The ever-readable Mike Stuchbery has put together a Twitter thread on the modus operandi of Stephen Yaxley Lennon, who styles himself Tommy Robinson, and those around him (read it HERE). He tells “Having pretty closely tracked the Far Right in the UK this year, the sooner we think about 'Tommy Robinson' and those orbiting him, structurally, as a kind of criminal gang, the more their behaviour makes sense”.
In detailing his arguments, Stuchbery considers all the elements that make up the Lennon package: the origins in football hooliganism, the claim that he has now left all of that behind, his being the central “charismatic figure” of this gang, the use of social media, the rewarding of hangers-on, the partisan media outlets bringing a veneer of credibility, the imitators, and of course the threats and intimidation.
But what even he could not have foreseen is the lengths to which Lennon’s followers will go in order to burnish his image. That now involves going beyond having a mere figurehead, to the point where it becomes a cult. An absolute and complete cult.
You think I jest? Lennon himself has endorsed a Facebook post by someone calling himself Jack Dawkins - the name of Dickens’ Artful Dodger character - which simpers “They've tried to break him, physically, psychologically, they've tried to buy him, scare him, they've locked him away, threatened him, his family”. Yes? yes yes? Yes yes yes?
“The law, the establishment, even ISIS, he's received more osman warnings than one has ever heard of, he battles on … For over a decade he's spilt blood, sweat and tears to expose the horrors of an ideology that was hidden by the very people who are paid to protect, from a small group of locals, to a worldwide awakening”. Do go on.
“Once he had the following and backing of the people, he used that power for only good things, helping charities and individual sufferings along the way, he continues to do so in an awe inspiring way … In Tommy we trust”. Pass the sick bucket.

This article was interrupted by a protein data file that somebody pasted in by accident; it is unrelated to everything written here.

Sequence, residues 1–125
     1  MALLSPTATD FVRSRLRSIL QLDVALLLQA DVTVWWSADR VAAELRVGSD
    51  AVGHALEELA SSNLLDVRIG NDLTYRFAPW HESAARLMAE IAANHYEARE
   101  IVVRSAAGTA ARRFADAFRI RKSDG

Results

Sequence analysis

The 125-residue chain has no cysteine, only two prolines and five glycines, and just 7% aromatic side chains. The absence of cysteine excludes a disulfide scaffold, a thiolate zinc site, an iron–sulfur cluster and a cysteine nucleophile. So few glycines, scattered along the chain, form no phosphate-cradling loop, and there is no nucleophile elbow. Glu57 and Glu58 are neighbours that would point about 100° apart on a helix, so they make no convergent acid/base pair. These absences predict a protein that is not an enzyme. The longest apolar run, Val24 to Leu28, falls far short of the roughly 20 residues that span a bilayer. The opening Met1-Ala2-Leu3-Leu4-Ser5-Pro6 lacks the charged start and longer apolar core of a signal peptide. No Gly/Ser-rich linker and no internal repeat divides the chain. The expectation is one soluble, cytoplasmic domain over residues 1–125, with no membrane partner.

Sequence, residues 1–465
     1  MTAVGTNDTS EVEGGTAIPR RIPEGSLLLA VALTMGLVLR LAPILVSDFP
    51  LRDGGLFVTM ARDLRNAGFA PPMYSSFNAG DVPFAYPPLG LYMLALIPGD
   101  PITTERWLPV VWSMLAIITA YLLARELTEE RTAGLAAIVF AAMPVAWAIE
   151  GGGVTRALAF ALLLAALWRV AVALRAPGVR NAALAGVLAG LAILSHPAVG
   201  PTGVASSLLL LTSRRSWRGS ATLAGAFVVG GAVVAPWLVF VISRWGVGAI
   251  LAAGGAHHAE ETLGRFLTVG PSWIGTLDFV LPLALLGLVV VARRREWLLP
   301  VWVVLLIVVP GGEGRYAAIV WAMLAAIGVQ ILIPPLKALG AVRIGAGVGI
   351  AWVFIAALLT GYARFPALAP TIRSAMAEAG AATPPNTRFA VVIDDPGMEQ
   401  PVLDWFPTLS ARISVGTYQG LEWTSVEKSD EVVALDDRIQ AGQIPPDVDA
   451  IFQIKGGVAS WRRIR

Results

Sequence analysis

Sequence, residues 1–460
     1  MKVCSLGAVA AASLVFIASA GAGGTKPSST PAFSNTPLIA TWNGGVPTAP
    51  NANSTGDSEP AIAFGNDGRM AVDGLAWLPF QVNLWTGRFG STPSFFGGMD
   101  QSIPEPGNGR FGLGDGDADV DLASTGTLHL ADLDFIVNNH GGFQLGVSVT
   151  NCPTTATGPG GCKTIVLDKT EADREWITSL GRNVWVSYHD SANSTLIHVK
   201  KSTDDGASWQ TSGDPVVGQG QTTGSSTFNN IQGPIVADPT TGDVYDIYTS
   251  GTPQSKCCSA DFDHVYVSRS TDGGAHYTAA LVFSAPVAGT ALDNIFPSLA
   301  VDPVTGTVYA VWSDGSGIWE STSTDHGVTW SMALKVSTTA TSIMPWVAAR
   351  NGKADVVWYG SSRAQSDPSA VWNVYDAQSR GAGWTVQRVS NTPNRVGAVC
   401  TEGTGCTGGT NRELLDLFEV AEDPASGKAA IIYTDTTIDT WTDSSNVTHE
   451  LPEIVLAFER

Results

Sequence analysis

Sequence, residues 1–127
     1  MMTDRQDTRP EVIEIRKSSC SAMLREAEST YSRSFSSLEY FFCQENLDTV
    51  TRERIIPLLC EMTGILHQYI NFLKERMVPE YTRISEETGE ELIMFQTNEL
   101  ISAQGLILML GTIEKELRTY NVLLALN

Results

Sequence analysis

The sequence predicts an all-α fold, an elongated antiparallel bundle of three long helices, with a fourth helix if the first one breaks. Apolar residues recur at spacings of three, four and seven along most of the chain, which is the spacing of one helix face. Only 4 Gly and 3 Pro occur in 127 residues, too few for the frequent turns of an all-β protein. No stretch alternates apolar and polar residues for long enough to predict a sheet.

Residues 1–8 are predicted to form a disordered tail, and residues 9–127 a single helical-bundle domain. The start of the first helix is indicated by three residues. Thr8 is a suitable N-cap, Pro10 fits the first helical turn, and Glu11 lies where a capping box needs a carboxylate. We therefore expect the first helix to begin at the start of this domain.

The reasoning is, of course, utterly untrue. Had the “ideology” been “hidden”, then Lennon, with his next to negligible investigative skills, would not have exposed it. There has been no awakening, merely propagandising. The power Lennon has can hardly have been used for good when he has spent so much time intimidating and threatening his critics, which is somewhat less than awe-inspiring. And it’s still all about Himself Personally Now.
That, though, is the easy bit. The harder part, and the far more disturbing one, is the way in which social media is being used in order to advance the pretence that Lennon is not merely a figurehead, not just, like Top Cat, the leader of the gang, but some kind of pseudo-deity in whom all those who follow him can readily put their trust.
This cultism, reproduced on Lennon’s Facebook page, has garnered thousands of shares, yet more thousands of likes, and hundreds of comments as the faithful rush to voice their approval. Belief has morphed into unthinking obedience. Reality has been suspended.
It’s an impressive journey for a career criminal. Especially as it hasn’t actually happened.
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